The narrator reveals the source for Garp's short story "Vigilance" by relating in the chapter entitled "The Eternal Husband" how Garp, suffering from writer's block, chases cars on his street.
The final piece of Garp's fiction reproduced by the narrator is the first chapter of The World According to Bensenhaver.
In the narrator's text as biography, one finds another incorporated genre, the critical reviews of Garp's fiction.
In addition to quoting his sources, the biographer discusses Garp's thoughts about writing and provides an informed summary of Garp's aesthetic ideas.
Irving's narrator, using the language of the biographer, quotes written records as evidence for his claims about Garp's life and discusses his aesthetic philosophy.
Rather than simply retelling events as they occurred, a method Garp as fiction writer tries to avoid, but a method the biographer would not normally avoid, the narrator uses the fictional methods of foreshadowing and withholding information.
The chapter "Second Love, Second Children," for instance, opens with a comic description of Walt's name that as a writer Garp would surely envy: "He was simply a t at the end of a wall.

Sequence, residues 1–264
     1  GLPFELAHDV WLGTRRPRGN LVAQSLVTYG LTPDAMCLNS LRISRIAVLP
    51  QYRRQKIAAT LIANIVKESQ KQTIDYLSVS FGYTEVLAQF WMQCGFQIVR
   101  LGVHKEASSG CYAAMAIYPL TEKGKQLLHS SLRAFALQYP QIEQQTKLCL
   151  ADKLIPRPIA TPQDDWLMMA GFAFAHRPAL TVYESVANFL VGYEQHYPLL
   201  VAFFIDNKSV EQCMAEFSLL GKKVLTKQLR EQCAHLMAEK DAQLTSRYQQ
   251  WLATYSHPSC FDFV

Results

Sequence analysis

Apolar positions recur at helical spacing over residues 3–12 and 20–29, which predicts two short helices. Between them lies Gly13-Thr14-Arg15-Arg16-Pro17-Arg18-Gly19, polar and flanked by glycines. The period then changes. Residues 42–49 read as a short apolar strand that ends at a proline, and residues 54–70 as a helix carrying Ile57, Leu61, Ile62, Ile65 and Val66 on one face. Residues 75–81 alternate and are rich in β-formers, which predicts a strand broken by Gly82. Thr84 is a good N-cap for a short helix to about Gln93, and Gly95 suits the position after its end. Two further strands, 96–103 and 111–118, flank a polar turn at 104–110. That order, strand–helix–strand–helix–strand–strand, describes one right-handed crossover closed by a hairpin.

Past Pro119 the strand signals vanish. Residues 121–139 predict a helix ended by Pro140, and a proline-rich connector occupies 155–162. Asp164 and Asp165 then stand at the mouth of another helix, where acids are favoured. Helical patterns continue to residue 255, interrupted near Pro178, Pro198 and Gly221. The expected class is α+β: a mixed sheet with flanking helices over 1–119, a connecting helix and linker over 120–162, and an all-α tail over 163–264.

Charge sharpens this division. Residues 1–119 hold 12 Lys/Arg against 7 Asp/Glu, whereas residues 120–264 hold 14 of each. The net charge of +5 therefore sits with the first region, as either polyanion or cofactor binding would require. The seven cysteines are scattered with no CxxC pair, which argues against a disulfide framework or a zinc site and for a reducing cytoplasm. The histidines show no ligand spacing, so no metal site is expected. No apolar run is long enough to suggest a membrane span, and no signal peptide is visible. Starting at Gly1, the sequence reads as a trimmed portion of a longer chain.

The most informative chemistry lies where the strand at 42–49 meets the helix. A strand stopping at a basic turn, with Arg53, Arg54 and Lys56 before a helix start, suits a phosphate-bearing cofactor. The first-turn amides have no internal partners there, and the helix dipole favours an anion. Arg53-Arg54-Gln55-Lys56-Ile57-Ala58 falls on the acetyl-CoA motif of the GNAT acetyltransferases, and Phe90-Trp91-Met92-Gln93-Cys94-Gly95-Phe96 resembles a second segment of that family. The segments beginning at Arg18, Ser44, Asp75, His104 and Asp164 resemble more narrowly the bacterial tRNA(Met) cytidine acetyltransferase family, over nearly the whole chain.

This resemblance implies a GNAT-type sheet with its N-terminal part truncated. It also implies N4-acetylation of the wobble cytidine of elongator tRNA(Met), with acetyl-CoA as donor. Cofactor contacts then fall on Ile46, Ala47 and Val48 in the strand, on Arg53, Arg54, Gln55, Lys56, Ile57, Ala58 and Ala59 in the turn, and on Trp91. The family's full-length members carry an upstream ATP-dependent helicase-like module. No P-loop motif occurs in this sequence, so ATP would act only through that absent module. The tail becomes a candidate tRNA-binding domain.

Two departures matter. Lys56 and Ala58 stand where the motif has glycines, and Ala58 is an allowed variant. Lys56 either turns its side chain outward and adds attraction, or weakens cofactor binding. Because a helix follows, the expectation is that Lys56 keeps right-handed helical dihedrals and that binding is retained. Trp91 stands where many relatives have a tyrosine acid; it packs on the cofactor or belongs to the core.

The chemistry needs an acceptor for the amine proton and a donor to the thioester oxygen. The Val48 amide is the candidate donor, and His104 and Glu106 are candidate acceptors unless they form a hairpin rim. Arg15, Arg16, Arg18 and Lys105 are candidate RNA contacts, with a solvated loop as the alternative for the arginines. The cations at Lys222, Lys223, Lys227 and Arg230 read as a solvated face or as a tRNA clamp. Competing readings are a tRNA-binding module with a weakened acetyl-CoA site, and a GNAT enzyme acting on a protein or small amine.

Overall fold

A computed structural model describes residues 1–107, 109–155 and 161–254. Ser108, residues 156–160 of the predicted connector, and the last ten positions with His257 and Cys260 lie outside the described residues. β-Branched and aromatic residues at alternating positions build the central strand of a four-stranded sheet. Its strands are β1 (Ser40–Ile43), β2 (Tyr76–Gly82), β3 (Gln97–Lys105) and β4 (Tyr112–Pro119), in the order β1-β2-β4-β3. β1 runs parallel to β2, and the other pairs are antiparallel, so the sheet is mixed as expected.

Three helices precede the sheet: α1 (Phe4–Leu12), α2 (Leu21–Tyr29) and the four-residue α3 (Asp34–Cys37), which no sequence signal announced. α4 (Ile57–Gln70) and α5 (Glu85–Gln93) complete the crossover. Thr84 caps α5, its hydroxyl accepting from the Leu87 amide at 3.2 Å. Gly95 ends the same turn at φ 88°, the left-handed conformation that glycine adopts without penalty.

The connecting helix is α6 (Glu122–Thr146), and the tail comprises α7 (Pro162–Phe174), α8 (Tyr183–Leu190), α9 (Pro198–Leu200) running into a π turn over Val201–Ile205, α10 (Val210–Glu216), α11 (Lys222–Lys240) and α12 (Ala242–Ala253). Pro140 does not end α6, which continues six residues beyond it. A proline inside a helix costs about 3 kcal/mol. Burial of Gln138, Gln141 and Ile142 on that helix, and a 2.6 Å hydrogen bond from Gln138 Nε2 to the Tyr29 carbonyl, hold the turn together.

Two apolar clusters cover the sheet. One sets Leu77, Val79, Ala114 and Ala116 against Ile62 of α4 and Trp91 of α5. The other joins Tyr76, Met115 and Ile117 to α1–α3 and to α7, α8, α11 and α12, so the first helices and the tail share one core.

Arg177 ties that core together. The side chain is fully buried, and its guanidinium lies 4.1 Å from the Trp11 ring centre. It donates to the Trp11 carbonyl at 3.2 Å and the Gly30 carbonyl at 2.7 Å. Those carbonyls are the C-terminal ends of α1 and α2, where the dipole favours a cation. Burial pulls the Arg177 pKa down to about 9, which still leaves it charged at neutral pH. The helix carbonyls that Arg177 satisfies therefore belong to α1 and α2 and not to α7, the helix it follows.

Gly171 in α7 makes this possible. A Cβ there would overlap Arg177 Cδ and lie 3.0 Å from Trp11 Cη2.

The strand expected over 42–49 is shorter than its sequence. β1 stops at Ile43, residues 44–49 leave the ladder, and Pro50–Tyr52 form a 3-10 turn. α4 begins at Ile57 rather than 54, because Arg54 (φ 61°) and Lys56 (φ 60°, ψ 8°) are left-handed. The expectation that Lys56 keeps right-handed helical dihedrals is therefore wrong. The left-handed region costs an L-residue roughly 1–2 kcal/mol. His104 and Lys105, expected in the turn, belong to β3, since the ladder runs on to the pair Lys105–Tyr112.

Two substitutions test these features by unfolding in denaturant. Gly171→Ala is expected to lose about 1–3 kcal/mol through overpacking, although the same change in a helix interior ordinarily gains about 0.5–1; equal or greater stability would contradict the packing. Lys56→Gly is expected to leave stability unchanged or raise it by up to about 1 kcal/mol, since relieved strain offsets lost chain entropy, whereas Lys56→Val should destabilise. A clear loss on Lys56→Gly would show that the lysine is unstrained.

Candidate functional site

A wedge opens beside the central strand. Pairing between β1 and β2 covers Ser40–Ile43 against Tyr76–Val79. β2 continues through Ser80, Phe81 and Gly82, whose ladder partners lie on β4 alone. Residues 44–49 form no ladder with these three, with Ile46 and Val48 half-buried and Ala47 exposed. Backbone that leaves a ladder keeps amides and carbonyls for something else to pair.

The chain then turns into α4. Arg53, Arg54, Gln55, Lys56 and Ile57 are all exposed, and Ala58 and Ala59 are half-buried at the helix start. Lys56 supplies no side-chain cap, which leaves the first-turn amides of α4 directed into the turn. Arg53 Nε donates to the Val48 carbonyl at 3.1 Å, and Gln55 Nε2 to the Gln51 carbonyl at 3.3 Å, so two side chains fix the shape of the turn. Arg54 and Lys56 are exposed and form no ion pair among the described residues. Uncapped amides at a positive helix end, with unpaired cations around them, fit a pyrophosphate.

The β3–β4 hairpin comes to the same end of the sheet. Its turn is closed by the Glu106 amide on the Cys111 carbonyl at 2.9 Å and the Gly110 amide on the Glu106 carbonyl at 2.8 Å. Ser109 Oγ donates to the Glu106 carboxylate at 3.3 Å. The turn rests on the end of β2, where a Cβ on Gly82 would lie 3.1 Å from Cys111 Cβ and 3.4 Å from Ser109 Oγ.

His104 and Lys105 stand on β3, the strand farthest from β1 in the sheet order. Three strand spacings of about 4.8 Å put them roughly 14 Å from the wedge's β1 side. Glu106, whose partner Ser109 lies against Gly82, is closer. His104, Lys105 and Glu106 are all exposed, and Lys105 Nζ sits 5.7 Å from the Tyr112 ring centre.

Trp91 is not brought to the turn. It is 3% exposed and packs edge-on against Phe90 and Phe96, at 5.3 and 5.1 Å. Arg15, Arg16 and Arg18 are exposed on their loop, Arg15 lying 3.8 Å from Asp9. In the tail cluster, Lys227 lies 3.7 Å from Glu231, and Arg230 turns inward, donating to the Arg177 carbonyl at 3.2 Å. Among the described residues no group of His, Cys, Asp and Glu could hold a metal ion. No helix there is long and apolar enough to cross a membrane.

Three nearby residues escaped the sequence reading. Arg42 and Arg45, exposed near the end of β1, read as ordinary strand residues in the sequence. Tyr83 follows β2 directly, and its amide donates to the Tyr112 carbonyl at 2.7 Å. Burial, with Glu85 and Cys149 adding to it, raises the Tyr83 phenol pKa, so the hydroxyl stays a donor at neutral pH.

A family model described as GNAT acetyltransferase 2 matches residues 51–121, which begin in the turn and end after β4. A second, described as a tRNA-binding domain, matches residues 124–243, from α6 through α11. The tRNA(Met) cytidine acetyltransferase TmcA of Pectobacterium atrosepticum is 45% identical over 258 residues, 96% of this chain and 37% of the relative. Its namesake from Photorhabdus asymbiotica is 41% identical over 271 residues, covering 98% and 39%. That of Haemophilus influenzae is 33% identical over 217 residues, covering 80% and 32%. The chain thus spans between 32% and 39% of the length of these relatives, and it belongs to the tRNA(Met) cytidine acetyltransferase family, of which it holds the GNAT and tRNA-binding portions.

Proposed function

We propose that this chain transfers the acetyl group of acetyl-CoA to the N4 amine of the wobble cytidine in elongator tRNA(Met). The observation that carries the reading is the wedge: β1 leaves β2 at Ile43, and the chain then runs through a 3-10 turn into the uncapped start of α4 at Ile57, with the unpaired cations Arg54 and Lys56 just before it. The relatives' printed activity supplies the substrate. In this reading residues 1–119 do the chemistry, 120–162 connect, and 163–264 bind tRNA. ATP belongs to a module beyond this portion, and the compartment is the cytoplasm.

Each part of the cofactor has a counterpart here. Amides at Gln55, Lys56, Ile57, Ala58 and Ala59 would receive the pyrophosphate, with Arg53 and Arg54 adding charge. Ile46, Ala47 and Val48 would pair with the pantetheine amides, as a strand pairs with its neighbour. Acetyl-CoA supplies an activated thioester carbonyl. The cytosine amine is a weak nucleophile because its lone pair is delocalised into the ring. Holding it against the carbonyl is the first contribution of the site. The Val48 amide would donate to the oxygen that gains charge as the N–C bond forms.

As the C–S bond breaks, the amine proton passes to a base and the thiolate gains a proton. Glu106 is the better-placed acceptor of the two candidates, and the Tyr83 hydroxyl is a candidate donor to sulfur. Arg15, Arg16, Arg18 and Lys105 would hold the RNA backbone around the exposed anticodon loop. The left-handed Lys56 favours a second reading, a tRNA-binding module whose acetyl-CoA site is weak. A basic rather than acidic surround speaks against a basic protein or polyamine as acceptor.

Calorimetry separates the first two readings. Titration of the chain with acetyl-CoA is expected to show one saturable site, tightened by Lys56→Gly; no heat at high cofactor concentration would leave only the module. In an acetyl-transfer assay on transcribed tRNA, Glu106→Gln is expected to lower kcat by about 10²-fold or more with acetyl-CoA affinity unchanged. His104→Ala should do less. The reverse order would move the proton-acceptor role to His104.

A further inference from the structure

Seeming to forget his role as biographer, the narrator allows his voice to invade the text in a manner befitting the narrator in one of Garp's own novels.
Not unlike Garp's voice as we know it from his fiction, the narrator's voice is often comic and satiric.
Ralph," he breaks most profoundly from the biography he began and adopts not only the voice of Garp's fiction but also its tense.
So we find that he returns to Garp as "the marriage counselor" (206), the "marriage-counsel man" (205).
Once Garp is shot, the narrator as biographer would have to depend on the words of those close to Garp to complete his life story.